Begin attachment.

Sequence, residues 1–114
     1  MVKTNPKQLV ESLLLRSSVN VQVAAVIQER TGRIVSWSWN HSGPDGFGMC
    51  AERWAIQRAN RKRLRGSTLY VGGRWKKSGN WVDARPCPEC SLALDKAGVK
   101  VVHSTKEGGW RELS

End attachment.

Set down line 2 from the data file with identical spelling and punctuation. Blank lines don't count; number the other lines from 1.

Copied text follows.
     1  MVKTNPKQLV ESLLLRSSVN VQVAAVIQER TGRIVSWSWN HSGPDGFGMC